Being in the market for a developer job with spotty GitHub activity

GitHub is a web site used by developers to keep track of changes made to applications they are working on AKA “version control.” Most developers have a GitHub account, and on each account’s profile page, there is a chart made of little squares of light gray and various shades of green.

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What this chart represents is the activity level of that person on GitHub for the past year’s worth of time. Each square represents one day, and the color of each square indicates how many “contributions” were made by them on that day. …

When assigning one variable to another

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Yes, it’s a picture of a “double pipe.”

If a = 1 and b = nil, and you set b = a, then the value of b will be 1, because you have assigned b to have the value of a.

If a = 1 and b = 2, and you set b = a, then the value of b will also be 1, because you have assigned b to have the value of a, and this replaced the previous value of b, which was 2.

With the regular assignment operator (=), it doesn’t matter what value a variable previously had; when the variable is assigned a new…

Create new app, set up development pipeline, push updates, and install Bootstrap

Note: The following guides assume your development environment is already set up, including Ruby, Rails, database, version control, and deployment. For these examples, I will use PostgreSQL, GitHub, and Heroku.

Create new Ruby on Rails app

  1. Create application and set database type (where appname is your app’s name and postgresql is the database type)
rails new appname --database=postgresql

2. Adjust config/database.yml and connect database

  • Add the following under default (where postgres is database username and password is database password):
username: postgres
password: password
host: localhost
  • Also, comment out login under production
# username: appname

3. Navigate to the new app folder…

As I’ve gotten into mechanical keyboards recently, I’ve also been experimenting with different software that changes how the keyboard works with the computer.

One piece of software I have gotten a lot of use out of recently is: Karabiner Elements

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This program does a lot: has an event viewer, allows simple remappings of keys (called “Simple Modifications”), allows importing of complex bindings (called “Complex Modifications”), allows disabling the built-in keyboard on a laptop, lets you customize how your function keys work, and stores many of these settings separately per keyboard.

But one thing it won’t do is let you create…

Over the past few months, I have fallen into a hobby that seems to complement coding very well: mechanical keyboards.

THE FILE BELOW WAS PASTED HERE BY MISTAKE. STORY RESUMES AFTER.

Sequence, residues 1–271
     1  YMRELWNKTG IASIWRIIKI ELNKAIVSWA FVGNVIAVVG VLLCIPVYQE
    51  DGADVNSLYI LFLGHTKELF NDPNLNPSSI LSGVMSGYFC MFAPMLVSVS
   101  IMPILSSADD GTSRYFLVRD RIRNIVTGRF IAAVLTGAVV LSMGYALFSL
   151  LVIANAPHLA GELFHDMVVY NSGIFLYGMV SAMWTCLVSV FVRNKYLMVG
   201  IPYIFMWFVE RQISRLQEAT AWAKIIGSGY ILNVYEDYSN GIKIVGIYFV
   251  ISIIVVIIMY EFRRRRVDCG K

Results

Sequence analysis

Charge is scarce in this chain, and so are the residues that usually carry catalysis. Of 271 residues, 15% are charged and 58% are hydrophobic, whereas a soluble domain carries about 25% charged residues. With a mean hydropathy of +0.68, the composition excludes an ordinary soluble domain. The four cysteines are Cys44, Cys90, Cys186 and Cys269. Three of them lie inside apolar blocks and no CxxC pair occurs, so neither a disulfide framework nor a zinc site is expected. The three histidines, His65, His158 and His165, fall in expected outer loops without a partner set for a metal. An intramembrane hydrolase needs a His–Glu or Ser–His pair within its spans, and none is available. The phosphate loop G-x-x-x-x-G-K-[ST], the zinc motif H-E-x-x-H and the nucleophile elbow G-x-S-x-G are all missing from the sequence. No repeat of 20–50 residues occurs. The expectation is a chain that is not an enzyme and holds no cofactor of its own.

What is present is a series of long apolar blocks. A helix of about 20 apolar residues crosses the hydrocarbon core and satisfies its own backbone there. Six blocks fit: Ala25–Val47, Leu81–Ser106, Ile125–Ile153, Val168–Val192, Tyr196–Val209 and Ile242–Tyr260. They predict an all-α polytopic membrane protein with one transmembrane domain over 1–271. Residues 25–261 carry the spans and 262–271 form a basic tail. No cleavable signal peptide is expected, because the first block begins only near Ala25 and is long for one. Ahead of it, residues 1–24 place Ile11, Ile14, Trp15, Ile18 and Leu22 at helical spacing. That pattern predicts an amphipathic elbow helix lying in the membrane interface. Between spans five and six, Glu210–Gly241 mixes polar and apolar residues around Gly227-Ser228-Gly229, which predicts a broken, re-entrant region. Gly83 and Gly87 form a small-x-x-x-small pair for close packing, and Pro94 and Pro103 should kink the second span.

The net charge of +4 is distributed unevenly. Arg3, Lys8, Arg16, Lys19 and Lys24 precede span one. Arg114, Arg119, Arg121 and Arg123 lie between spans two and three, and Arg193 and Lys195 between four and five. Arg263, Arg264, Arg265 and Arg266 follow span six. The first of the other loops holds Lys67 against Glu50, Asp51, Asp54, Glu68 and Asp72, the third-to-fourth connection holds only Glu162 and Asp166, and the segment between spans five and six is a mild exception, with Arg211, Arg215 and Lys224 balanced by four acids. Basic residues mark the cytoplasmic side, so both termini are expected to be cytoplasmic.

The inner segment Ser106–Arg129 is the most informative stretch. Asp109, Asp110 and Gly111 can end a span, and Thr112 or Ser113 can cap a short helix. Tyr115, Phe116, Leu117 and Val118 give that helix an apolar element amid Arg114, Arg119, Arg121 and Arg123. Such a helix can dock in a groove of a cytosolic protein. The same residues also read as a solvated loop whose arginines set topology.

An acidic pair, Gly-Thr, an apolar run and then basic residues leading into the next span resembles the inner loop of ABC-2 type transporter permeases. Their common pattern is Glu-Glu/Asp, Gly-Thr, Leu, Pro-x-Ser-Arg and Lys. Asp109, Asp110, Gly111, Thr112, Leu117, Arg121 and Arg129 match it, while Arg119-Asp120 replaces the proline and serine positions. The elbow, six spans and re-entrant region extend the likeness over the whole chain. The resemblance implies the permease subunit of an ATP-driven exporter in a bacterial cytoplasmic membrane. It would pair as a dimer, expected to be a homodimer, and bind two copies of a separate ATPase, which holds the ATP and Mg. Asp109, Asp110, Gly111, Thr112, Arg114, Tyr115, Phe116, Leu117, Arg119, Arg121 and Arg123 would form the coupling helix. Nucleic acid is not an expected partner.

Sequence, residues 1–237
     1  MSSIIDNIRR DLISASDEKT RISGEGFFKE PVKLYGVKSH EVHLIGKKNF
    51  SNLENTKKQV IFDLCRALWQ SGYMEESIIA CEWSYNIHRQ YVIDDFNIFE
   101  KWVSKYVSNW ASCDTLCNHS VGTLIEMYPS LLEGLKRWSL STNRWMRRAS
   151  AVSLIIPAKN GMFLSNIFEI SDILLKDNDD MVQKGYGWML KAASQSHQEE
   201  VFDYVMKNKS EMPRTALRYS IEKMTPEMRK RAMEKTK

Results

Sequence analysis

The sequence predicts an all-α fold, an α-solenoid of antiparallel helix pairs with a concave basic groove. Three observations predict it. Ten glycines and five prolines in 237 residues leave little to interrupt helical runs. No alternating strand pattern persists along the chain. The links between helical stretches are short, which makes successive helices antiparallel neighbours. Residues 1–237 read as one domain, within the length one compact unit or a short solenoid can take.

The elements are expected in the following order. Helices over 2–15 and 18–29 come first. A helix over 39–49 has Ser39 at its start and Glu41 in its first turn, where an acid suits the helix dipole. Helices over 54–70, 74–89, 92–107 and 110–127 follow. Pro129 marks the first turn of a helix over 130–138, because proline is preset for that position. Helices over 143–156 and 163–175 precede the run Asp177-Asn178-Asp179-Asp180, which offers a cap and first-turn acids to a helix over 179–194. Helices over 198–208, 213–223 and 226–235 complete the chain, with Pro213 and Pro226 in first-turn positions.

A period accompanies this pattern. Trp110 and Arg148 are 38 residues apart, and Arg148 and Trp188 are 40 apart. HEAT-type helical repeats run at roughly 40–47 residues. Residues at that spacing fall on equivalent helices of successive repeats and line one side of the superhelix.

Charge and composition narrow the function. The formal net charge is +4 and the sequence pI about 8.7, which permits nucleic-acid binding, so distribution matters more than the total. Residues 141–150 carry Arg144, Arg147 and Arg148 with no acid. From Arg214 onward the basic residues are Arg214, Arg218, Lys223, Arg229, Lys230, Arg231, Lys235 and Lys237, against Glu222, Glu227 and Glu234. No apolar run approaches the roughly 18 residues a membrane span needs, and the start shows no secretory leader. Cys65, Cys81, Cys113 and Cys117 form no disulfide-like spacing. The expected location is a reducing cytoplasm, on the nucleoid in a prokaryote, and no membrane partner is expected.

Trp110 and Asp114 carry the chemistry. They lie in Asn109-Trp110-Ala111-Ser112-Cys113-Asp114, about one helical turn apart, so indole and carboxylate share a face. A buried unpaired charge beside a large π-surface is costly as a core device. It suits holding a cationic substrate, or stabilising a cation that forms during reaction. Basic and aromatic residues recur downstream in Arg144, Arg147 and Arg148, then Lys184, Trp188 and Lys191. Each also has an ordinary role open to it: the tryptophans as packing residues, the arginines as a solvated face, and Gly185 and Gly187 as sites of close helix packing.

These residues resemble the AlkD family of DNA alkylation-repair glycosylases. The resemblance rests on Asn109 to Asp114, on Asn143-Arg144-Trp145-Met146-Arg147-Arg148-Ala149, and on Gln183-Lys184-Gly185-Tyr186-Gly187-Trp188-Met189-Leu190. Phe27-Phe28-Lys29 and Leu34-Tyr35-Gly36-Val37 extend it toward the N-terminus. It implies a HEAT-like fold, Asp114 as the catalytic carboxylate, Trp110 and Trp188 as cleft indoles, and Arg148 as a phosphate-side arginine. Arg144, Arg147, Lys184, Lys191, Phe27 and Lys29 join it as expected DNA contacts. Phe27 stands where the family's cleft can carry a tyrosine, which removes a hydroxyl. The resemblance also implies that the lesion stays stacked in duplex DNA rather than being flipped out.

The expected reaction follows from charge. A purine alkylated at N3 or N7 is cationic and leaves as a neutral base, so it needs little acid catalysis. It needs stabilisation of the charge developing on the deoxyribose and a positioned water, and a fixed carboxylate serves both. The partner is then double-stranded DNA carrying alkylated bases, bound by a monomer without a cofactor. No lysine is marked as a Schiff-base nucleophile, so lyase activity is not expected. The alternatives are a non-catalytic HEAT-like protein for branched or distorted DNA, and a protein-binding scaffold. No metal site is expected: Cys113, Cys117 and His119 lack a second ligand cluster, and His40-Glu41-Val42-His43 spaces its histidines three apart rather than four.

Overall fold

I became interested in this through Reddit, as I would occasionally come across a post from the r/mechanicalkeyboards subreddit showing a picture of a really nice mechanical keyboard someone had built.

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Ooh that’s a nice one! (Credit: u/dantambok)

Apparently, there was a whole world around mechanical keyboards (MKs) now. (At the time of this writing, r/mk has over 383,000 subscribers!) While I appreciated all the work some people put into customizing their MKs, at the time, I still thought it was kind of silly to spend so…

When I was first researching bootcamps, I remember reading an article that gave tips and tricks for being successful. One of the suggestions was to get an app that blocks distractions while coding. I do have a tendency to check Reddit, Facebook, the news, etc. while I’m working. I intend to just spend a minute or two, but that can quickly turn into 30 minutes or more. I figured if I want to be successful at bootcamp, it couldn’t hurt to try these apps and see how useful they are.

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I checked out two of the more popular distraction-blocking apps…

As a kid, I had dabbled in programming on my TI-99/4A. I remember spending hours copying lines of code from a book into the computer, followed by a rush of excitement and pride when it was finished and I got to watch a few sprites animate on the screen. So naturally, when I graduated high school 18 years ago, I enrolled at the University of Central Florida as a Computer Science major. That was what I had planned to do, and it was what made sense.

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TI-99/4A, my first computer

Things don’t always go as planned though.

After the first semester, I realized I…

Danny Poit

Danny Poit is a web developer with experience in Ruby on Rails and Node.js and a background in film scoring. Grad of Firehose Project, Colt Steele, and Berklee.

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